Identification of yeast strains isolated from marcha in Sikkim, a microbial starter for amylolytic fermentation

Experimental Farm, Shinshu University, Shonai, Nagano, Japan
International Journal of Food Microbiology (Impact Factor: 3.08). 04/2005; 99(2):135-46. DOI: 10.1016/j.ijfoodmicro.2004.08.011
Source: PubMed


Marcha or murcha is a traditional amylolytic starter used to produce sweet-sour alcoholic drinks, commonly called jaanr in the Himalayan regions of India, Nepal, Bhutan, and Tibet (China). The aim of this study was to examine the microflora of marcha collected from Sikkim in India, focusing on yeast flora and their roles. Twenty yeast strains were isolated from six samples of marcha and identified by genetic and phenotypic methods. They were first classified into four groups (Group I, II, III, and IV) based on physiological features using an API test. Phylogenetic, morphological, and physiological characterization identified the isolates as Saccharomyces bayanus (Group I); Candida glabrata (Group II); Pichia anomala (Group III); and Saccharomycopsis fibuligera, Saccharomycopsis capsularis, and Pichia burtonii (Group IV). Among them, the Group I, II, and III strains produced ethanol. The isolates of Group IV had high amylolytic activity. Because all marcha samples tested contained both starch degraders and ethanol producers, it was hypothesized that all four groups of yeast (Group I, II, III, and IV) contribute to starch-based alcohol fermentation.

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    • "Generally, fermentation starters prepared from the growth of molds on raw or cooked cereals, called mold bran is more commonly practiced (Lee, 1999). In the Himalayan regions of India, Nepal, Bhutan, and Tibet (China), Marcha or murcha (traditional amylolytic starter) is used to produce sweet-sour alcoholic drinks, commonly called jand which contains saccharifying molds, lactic acid bacteria and fermenting yeasts which is used for isolation of mold, yeast and bacteria (Tsuyoshi, 2005). Mold bran is an enzyme product obtained by growing Aspergillus oryzae or other mold on moist, sterilized bran. "

    06/2014; 7. DOI:10.3126/jfstn.v7i0.10597
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    • "It is a haploid, petite-positive yeast and is a species considered quite similar to Saccharomyces cerevisiae (Barns et al., 1991; Davenport et al., 1995). Candida glabrata is used in the food industry as a starter culture (Tsuyoshi et al., 2005; Aidoo et al., 2006), and it also appears as the second most prevalent Candida species in patients with HIV and patients with advanced cancer (Li et al., 2007). While many studies on the effect of hypo-osmotic stress have been carried out on Saccharomyces cerevisiae (Granot & Snyder, 1991, 1993; Kayingo et al., 2001; Arias et al., 2011), there have been few studies on Candida species. "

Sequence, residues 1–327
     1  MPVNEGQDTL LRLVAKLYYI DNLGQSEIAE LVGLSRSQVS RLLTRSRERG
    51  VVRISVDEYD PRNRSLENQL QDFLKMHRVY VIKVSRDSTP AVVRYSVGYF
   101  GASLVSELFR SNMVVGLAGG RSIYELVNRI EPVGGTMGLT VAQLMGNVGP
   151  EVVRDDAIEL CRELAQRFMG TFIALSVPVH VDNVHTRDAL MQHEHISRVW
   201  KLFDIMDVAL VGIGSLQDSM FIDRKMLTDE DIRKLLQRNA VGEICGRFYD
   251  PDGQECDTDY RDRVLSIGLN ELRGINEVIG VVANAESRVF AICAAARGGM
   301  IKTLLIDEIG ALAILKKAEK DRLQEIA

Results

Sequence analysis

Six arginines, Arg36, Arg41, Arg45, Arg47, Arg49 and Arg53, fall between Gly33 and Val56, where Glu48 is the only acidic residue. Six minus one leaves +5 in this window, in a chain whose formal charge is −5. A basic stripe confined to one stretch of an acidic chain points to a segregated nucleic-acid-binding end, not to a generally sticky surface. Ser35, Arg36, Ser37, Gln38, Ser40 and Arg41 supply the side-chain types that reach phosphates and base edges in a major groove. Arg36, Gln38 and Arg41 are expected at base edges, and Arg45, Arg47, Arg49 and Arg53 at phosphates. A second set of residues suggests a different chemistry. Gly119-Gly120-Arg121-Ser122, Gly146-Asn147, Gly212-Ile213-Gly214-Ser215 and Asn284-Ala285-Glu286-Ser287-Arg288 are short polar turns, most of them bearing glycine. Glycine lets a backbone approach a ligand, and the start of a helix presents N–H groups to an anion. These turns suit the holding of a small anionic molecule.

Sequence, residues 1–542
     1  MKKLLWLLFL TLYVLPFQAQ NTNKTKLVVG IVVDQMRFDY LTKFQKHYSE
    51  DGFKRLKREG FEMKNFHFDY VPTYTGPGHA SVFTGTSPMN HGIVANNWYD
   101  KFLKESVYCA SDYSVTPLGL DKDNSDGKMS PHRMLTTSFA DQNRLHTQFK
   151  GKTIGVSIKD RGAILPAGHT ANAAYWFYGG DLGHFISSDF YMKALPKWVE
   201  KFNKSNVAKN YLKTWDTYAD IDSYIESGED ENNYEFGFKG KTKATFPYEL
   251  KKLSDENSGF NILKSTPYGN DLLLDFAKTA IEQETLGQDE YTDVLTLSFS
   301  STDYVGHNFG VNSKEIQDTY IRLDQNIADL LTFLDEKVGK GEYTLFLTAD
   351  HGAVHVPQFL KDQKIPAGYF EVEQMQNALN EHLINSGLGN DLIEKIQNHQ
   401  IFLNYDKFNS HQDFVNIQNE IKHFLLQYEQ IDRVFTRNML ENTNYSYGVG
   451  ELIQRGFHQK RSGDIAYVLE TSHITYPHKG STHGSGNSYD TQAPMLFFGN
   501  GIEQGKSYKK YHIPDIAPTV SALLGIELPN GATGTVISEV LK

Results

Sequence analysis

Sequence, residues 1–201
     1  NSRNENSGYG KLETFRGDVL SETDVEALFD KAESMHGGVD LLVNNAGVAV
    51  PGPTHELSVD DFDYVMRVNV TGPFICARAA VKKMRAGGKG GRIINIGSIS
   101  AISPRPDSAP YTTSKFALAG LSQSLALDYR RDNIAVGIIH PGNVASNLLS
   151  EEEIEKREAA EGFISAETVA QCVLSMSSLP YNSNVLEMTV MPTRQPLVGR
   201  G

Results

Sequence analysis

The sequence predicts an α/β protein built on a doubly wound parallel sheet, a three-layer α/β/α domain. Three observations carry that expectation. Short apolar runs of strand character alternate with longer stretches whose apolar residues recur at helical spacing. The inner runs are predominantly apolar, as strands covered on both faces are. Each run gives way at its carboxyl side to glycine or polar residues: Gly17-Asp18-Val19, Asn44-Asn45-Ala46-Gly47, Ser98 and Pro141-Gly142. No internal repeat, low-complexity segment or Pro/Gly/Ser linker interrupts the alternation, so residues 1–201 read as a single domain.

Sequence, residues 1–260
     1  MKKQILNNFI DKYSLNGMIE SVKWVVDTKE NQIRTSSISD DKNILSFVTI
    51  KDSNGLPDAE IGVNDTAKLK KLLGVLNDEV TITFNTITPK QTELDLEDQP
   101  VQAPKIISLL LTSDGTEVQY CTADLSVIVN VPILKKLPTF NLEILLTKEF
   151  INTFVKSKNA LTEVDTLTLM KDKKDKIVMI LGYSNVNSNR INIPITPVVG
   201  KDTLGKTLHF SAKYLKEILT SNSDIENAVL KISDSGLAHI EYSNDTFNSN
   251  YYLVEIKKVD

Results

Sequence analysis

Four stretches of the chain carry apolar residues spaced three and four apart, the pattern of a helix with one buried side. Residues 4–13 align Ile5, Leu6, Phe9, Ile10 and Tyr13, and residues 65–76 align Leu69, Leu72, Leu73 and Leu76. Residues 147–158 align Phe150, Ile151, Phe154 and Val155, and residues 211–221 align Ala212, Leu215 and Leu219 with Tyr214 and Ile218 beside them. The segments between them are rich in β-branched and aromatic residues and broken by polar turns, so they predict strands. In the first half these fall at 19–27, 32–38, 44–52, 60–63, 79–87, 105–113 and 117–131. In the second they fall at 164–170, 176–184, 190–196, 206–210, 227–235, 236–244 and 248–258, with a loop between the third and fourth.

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    ABSTRACT: Candida glabrata cells suspended in water are under hypo-osmotic stress and undergo cell death in 1-2 days, unless they are at a density of more than 10(5 ) CFU mL(-1) . The dying cells exhibit FITC-annexin V staining, indicative of programmed cell death (apoptosis). In a higher cell density, cells are protected and survive at least for 4 days. Filtrates from cells at high density can protect those at lower density, indicating that cells release substances, amounting to c. 5 mg L(-1) of cell suspension, that protect each other against hypo-osmotic stress. In a concentrated form, the released materials can support growth, indicating that the protective material includes carbon and nitrogen sources, as well as vitamins that are required by C. glabrata for growth. We conclude that cell death from hypo-osmotic stress can be alleviated by small amounts of nutrients.
    FEMS Yeast Research 11/2013; 14(3). DOI:10.1111/1567-1364.12122 · 2.82 Impact Factor
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    • "The most well-known and commercially significant yeasts that been primarily used for bioethanol production are the related species and strains of Saccharomyces cerevisiae [4]. These organisms have long been utilized to ferment the sugars of rice, wheat, barley, and corn to produce alcoholic beverages and in the backing industry [5]. One yeast cell can ferment approximately its own weight of glucose per hour. "

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